Earlier mentioned vDisk is in read-only mode , post vDisk boot , where will it stores the writes? For this Citrix created something referred to as the target device’s write cache. As with MCS,where all the writes to the base OS are stored on a differencing disk, all writes to a read-only vDisk will be stored in its accompanying write cache.
Each target device will have its own write cache and, depending on the OS used and the type of deployment(RDSH or VDI), its size will vary. What is also worth noting is that when a Standard Image mode machine gets rebooted , its write cache cleared it will start out fresh again. Logically, this does not apply to machines in Private Image mode where all changes made during the session will be persistent(saved).
Adding write cache to target device can be done in multiple ways, the following sections provides an overview on the various write cache options available.
Cache on device hard drive
The write cache file(.vdiskcache) is stored on the local hard drive of the target device itself; No additional software is required to enable this feature and this can be enabled from PVS management console.
As mentioned previously, write cache file is only temporary and its get refreshed when target device(machine) reboots for all Standard Image Mode(read-only). A common recommended approach when cache in RAM is not possible.
Cache on a server
The write cache file can also be placed on the PVS server itself ,meaning that all writes will be handled by the PVS server. This cane increase the overall disk IO and network bandwidth needed , something to consider. It also means that all writes need to traverse network back to the PVS server as opposed to writing them on the local hard drive of the target device itself.
By default it is placed in the same location as the vDisk, but a different path can be specified. This write-cache type provides poor performance when compared to other write cache types, limits high availability configurations, and should almost never be used in a virtual environment. This option was typically only used when streaming to physical end points(servers) or thin clients(desktops) that are diskless.
Cache on Device RAM
This write-cache type reserves a portion of the target device’s memory for the write cache, meaning that whatever portion of RAM is used for write-cache is not available to the operating system. The amount of memory reserved for write-cache is specified in the vDisk properties. This option provides better throughput, better response times, and higher IOPS for write-cache than the previous types because it writes to memory rather than disk.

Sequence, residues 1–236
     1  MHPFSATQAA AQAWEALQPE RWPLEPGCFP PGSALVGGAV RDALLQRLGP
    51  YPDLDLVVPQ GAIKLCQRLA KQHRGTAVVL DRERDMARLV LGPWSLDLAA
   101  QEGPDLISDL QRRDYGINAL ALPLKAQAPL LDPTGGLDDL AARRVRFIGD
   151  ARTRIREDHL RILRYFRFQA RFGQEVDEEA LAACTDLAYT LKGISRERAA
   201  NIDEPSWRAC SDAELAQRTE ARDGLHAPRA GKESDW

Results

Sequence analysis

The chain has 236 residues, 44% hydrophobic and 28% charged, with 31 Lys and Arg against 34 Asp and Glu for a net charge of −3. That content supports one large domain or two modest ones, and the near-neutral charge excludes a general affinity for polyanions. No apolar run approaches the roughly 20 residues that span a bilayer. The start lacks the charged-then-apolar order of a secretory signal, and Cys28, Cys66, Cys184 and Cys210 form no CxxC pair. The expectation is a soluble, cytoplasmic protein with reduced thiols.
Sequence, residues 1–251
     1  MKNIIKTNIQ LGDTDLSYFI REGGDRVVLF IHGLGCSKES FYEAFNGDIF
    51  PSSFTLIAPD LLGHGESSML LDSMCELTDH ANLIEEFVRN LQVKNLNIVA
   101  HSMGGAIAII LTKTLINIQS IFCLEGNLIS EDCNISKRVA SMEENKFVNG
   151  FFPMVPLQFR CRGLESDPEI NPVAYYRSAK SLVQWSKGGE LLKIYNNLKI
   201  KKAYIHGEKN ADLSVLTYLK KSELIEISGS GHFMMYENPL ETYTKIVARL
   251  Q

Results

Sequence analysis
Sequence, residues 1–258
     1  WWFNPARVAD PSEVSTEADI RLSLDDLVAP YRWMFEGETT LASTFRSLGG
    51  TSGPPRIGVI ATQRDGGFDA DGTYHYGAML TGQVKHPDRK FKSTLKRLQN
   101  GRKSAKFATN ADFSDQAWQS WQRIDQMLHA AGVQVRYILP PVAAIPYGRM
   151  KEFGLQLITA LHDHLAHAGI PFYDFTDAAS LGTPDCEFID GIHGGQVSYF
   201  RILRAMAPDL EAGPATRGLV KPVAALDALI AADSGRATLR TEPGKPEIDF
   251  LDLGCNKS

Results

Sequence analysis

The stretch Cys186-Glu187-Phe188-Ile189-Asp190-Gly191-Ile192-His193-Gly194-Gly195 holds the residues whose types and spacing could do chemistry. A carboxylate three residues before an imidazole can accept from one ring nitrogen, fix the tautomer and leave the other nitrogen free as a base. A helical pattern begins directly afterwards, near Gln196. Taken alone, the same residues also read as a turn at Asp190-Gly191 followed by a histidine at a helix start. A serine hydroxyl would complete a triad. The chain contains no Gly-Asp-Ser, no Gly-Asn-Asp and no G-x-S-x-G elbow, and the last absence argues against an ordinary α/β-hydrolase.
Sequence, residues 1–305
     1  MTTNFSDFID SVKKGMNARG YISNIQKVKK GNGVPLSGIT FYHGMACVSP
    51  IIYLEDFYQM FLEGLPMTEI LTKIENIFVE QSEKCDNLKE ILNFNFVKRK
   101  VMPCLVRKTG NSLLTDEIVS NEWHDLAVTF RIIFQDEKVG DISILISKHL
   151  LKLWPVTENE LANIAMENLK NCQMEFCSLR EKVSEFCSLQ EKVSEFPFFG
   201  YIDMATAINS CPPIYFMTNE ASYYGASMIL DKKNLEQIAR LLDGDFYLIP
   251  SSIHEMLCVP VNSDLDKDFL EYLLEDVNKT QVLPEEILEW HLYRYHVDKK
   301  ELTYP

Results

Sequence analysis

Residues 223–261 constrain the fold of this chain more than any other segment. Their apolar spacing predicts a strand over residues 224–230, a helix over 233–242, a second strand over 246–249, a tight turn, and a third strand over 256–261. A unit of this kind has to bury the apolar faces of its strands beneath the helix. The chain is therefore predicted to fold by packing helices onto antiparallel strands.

There are some challenges with this option, though. First of all, there is no overflow, so once the write cache is filled the device will become unusable (might even blue screen). Therefore, there has to be plenty of RAM available for the target devices to be able to operate and not run out of write-cache space, which can be expensive, or just not possible because of memory constraints on the physical host.
Second, if there is a need to store persistent settings or data such as event logs, a hard drive will still be required on each target. On the flip side, this hard disk will not be as large or use as many IOPS as when using “Cache on device’s hard drive” since the write cache will not be on it. We have typically seen customers successfully use this feature when virtualizing XenApp since you do not run as many XenApp VMs on a physical host (compared to VDI), so often times there is enough memory to make this feature viable for XenApp.
Cache on Device RAM with overflow on HDD
As soon as the target device runs out of free memory space to store any writes the system will switch to the local hard drive(cache on device hard drive). This method uses the VHDX differencing format. When enough RAM is available , the target device will write to RAM fist. When RAM is full, the least recently used blocks of data will be written to the local disk(target device hdd) to accommodate newer data on RAM.
Rather than reserving port of the devices memory, the cache is mapped to non-paged kernel memory and used as needed. The more RAM you assign, the more writes can b stored in RAM and as a result , the better the overall user experience will be. This has been a very popular approach and the more RAM you have available for caching purposes, the better you will be..